Asian-Owned Fashion Studios Still Suffer In Pandemic Recovery



Asian workers at Mei Pattern Studio in the Garment District. Photo by Duojiao Chang

After more than 12 hours of cutting and sewing patterns, Mei Zou locks her studio at 10:40 p.m., stepping out of a building where security guards end their shifts hours before. It’s a five-minute walk from her workplace on West 36th Street to Penn Station, where Zou passes by homeless people and drug dealers on the street. 

“I usually let my employees go home early, because they don’t feel safe at night,” said Zou. “But it’s difficult because clients usually make orders and want them the next day.” Zou, in her 50s, moved from South China to the United States in 1996. After working for years as a patternmaker, she opened Mei Pattern Studio in 2019, she said. 

Like many small businesses in the Garment District, Zou’s studio faces rising rents, operating costs and client shortages. But for Asian-owned businesses, there are added safety concerns with the increase in crime and Asian discrimination since the COVID-19 pandemic. Now female, Asian business owners like Zou are trying to not only figure out how to keep their studios open but also work in an environment where she and her employees feel safe. 

“Among my 12 employees, eight are middle-aged Chinese women,” said Zou, adding that none of her workers speak or read English. 

Fashion studios rely heavily on Asian female immigrants as sewers and patternmakers, yet these workers can be easy targets for anti-Asian violence. Since 2020, nearly two-thirds of anti-Asian hate incidents have been against women, mostly aged between 36 to 45, according to a July study published by the Stop AAPI Hate coalition, a nonprofit that tracks hate and discrimination toward Asian Americans and Pacific Islanders in the United States. 

“I was scared to death every time I read the news,” said Jenny Huang, in Chinese. Originally from Wenzhou China, she moved to New York in the 1990s. 

Jenny Huang initially worked at a clothing factory in the Garment District as a sewer to make ends meet. She then freelanced as a patternmaker for a few years and joined Zou’s studio before the pandemic hit. “At first, I thought they could rob my bag and phone, but now I’m scared of being stabbed to death,” she said.

“No one feels safe walking around the Garment District,” said Zou, adding that she is disappointed in the city’s response. None of her employees have been physically hurt, she said, “but it doesn’t mean we are not living and working in fear.” 

To protect her business and employees, Nay Huang closes her store, One-to-13 Studio, on West 35th Street at 8.p.m.  “I have been pretty strict on this schedule,” said Huang, the general manager. One-to-13 Studio is another Asian female-owned fashion studio in the Garment District. “Life is more important than work, and I don’t want my employees to lose their lives because of working late.”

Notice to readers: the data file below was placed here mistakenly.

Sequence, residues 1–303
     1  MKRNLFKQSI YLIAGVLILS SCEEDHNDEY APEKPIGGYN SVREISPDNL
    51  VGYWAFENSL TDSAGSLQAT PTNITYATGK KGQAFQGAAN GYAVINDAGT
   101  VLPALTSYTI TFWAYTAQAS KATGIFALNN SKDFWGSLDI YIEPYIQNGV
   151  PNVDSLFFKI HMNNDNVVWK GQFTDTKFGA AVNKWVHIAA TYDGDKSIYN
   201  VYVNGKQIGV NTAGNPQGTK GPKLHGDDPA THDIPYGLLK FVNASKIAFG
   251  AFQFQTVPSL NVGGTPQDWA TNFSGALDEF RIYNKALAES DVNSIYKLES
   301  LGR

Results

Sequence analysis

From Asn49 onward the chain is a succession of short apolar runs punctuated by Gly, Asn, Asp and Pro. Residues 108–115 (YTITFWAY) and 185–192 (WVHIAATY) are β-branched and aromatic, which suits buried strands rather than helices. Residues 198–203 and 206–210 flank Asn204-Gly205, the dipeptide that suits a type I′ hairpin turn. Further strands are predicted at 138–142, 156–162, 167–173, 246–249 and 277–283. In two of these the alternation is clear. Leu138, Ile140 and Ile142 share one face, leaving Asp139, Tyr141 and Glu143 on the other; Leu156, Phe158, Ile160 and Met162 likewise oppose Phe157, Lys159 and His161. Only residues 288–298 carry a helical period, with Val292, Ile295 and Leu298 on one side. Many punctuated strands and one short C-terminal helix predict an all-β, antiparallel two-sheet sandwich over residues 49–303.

Originally from Taiwan, Nay Huang moved to New York in 2009 and took over the studio three years ago. Most of her employees are middle-aged Chinese immigrants who live in Flushing, Queens, said Huang, adding that they go home together after work. 

Adjusting working hours is not an option for Zou, even though she said she’s happy to let her employees go home early whenever possible. “Our working hours depend on fashion seasons – four times a year. Every month before each season, we work non-stop until 10 or 11 p.m.”

With the increase in crime, some New Yorkers have stepped in to add a layer of protection. 

Peter Kerre, a Brooklyn resident started Safewalks NYC after he saw an increase in attacks in his neighborhood. As a volunteer safety program, Safewalks NYC provides accompanied walks for those who feel unsafe. There are about 50 active volunteers in the group, said Jazmine Nosseir, a volunteer for the program.  

“Almost all requests we have received come from women of color,” said Nosseir. “About 80% are Asian females.” 

After the stabbing of a woman in Chinatown last February and rise in anti-Asian hate crimes, Safewalks NYC has added volunteers who speak Mandarin and Cantonese and expanded its services to cover Manhattan below 59th Street, said Nosseir. 

Both Nay Huang and Zou said that Asian-owned businesses need more institutional support instead of relying on volunteer groups. “The government needs to do more,” said Zou. 

The New York City Police Department created an Asian Hate Crime Task Force in August 2020, yet the number of anti-Asian hate crimes has not decreased after two years. There were 131 anti-Asian hate crimes in New York last year compared to 28 in 2020 and one in 2019. Between January to June this year, there were 51 hate crimes targeting Asians in New York City. Precinct 13, where the Garment District is located, reported the most incidents, according to NYPD crime data. 

While safety remains a top challenge, Zou also worries about her business staying open, compared to the days when the district was bustling, she said.   

“The Garment District used to be crowded, busy,” said Zou. “Now it’s horrible.”

“What can we do?” said Jenny Huang, adding with a laugh. “Life must go on and we just get used to it.”